A team of scientists from Germany have found that the violation of sensitivity to sensory stimuli occurs not only in damage to the somatosensory cortex but also in the dysfunction of parts of the prefrontal and posterior parietal cortex. To do this, they studied the brain injuries of stroke survivors who had lost their sensitivity. The detected sites are apparently responsible for the awareness of touching their own body and complement the path of sensory signals from the primary somatosensory cortex further.
With a disorder of sensations of hypesthesia, a decreased sensitivity to sensory stimuli is observed: this can be manifested both in the inability to feel a touch on the skin, and in reduced sensitivity to pain, vibration and temperature changes. Most often, hypesthesia occurs due to damage to the postcentral gyrus (the primary somatosensory cortex, which receives signals from sensory neurons of the whole body for primary processing), but can also occur when the secondary pathways are damaged (for example, in the parietal zones) or in the final stage of treatment in the islet lobe.
Of course, a violation of the sensory signal can occur not only at certain stages of its processing, but also in the pathways that pass through the prefrontal and parietal cortex in the somatosensory system. A team of scientists led by Michael Rullmann from Department of Neurology, Max Planck Institute for Human Cognitive and Brain Sciences decided to clarify this mechanism. Their study involved 70 patients who survived a postcentral gyrus stroke with a lesion spreading to the parietal, prefrontal, and temporal cortex: 43 of them were diagnosed with hypesthesia.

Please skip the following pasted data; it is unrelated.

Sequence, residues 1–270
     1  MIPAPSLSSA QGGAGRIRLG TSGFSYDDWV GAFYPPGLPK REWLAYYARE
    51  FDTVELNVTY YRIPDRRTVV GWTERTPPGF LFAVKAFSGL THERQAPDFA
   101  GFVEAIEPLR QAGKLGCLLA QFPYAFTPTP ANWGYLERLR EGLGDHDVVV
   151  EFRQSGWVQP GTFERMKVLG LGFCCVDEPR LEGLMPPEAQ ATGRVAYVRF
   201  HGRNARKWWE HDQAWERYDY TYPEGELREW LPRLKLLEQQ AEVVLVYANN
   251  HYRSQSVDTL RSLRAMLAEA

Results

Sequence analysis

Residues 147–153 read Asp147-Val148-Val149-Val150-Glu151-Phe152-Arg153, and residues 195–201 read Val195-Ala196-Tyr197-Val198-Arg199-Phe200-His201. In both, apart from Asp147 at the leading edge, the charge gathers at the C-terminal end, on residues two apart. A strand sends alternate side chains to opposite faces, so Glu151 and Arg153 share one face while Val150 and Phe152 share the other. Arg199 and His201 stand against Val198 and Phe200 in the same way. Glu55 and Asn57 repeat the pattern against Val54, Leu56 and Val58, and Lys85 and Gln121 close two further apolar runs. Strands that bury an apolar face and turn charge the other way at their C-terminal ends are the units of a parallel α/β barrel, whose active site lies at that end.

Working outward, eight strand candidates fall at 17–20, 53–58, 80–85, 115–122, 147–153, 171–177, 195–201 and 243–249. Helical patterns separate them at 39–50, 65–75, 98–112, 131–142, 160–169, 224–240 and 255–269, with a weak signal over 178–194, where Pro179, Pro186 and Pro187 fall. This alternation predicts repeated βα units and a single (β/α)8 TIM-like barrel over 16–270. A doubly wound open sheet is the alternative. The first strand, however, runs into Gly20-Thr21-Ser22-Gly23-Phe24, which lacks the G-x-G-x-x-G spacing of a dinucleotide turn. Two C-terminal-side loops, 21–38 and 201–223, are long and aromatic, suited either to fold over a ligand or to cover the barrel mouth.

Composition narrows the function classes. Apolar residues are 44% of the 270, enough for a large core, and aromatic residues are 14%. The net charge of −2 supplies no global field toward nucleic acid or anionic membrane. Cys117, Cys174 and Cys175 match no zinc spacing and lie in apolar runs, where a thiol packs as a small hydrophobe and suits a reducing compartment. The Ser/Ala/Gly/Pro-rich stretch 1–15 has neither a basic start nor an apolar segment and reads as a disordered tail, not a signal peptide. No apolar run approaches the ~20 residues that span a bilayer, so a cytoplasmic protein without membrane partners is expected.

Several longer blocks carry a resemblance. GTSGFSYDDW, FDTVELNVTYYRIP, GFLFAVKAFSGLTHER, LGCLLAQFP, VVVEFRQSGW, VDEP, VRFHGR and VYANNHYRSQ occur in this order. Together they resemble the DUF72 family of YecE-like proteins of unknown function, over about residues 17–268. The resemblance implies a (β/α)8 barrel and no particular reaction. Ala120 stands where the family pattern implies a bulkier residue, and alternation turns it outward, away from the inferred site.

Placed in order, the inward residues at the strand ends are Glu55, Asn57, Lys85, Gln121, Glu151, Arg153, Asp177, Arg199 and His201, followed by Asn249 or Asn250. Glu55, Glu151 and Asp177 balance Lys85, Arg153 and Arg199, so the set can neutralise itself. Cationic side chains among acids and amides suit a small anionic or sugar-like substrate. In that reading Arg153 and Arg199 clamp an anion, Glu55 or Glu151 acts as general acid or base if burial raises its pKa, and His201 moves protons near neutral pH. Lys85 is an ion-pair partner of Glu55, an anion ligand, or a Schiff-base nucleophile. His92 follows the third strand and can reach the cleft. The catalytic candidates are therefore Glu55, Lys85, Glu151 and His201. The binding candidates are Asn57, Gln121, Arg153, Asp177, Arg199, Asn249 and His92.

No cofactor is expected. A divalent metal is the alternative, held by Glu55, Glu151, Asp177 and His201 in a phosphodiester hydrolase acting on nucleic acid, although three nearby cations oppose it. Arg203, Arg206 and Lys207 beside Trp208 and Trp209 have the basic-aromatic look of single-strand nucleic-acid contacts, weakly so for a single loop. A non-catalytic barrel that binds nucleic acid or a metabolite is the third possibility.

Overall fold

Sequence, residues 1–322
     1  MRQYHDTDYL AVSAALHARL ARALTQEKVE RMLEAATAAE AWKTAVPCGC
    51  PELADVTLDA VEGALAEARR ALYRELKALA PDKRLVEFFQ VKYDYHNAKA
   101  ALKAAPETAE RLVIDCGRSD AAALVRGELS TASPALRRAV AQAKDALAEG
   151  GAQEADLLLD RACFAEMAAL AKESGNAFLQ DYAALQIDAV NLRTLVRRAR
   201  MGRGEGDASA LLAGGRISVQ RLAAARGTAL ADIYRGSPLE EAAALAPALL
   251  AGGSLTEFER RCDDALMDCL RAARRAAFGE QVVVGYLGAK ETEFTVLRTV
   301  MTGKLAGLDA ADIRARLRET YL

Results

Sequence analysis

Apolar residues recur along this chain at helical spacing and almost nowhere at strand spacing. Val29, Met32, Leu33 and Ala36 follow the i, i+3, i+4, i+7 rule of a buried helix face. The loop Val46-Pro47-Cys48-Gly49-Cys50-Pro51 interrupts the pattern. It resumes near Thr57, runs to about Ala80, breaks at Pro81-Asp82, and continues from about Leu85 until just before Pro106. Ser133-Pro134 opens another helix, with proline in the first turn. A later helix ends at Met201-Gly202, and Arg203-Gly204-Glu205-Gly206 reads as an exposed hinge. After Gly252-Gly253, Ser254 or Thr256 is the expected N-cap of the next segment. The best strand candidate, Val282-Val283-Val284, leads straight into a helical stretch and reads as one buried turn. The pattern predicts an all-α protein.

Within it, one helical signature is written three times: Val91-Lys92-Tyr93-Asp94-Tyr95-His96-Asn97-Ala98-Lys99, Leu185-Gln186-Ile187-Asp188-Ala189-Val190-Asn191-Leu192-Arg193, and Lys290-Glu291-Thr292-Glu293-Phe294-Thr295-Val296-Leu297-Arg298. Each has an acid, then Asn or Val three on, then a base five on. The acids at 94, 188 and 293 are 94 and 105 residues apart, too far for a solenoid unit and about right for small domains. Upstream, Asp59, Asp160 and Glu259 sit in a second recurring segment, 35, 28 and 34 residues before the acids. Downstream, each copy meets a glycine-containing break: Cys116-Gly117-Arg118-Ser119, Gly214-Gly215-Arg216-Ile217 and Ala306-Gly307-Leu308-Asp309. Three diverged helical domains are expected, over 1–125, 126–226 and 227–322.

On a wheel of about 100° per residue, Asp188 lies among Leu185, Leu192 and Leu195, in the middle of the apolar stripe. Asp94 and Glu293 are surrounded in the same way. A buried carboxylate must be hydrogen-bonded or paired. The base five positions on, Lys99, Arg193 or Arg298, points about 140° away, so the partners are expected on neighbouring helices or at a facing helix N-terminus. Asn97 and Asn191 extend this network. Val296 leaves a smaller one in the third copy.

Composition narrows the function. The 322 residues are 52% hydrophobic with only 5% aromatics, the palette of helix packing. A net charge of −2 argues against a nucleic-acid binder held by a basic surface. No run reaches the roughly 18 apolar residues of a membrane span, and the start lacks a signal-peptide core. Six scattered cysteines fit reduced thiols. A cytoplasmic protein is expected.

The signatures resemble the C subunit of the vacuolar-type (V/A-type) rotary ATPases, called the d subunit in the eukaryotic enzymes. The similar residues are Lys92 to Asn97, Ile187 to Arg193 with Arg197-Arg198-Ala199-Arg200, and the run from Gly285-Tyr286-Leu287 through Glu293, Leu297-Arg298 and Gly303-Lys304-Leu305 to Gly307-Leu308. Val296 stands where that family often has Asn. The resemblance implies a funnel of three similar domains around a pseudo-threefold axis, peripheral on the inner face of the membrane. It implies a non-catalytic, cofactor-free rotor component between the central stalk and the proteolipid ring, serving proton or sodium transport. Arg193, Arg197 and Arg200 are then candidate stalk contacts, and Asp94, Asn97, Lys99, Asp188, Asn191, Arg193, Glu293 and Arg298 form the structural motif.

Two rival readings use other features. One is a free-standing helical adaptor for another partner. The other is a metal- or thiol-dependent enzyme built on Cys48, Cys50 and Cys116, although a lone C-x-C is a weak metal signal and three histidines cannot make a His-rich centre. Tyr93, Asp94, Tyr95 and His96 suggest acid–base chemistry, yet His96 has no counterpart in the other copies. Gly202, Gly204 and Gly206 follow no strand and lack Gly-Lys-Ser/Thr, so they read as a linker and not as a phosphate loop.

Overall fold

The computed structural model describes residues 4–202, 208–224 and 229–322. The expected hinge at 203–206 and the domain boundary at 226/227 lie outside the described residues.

The analysis of the damaged areas was carried out using a voxel -based lesion-symptom mapping (VLSM). This neuroimaging technique helps to examine the affected areas of the brain and related disorders. Researchers focused on the Broadman fields involved in hypesthesia – areas of the brain that stand out and differ at the cellular level.
As expected, hypoesthesia in patients was associated with damage to the first three Broadman fields, which are located on the postcentral gyrus. Additionally, it was possible to establish that damage to the fourth and sixth fields, the primary motor and premotor cortex, leads to hypesthesia, respectively, which, given the strong functional and neural connections of the motor and sensory departments, is quite understandable.
It turned out to be more interesting that damage to the 44th field, which is located in the prefrontal cortex, inferior parietal lobule, and intraparietal sulcus, played a role in the development of hypesthesia. Interestingly, these areas do not process sensory signals on their own, but rather participate in higher cognitive processes – for example, memory and attention.
Mapping damaged areas of the brain very often help explain or clarify the operation of certain parts of the brain: for example, two years ago this method helped indicate the internal system of voice recognition. The new work allowed using the same method to clarify how the sensory signal in the brain is processed. Apparently, the activity of the prefrontal and parietal regions accompanies the signal during its transition from the primary somatosensory cortex to the islet lobe through the secondary cortex and is responsible for the cognitive component of sensory sensations – the realization that there is touch, pain, or exposure to temperature.
In the somatosensory cortex, individual areas are responsible for receiving and processing the signal from different parts of the body, and the most extensive part of it is devoted to movement and touch by the hands. This, however, is not always true: infants, for example, have the most extensive representation in the somatosensory cortex – the representation of the lips.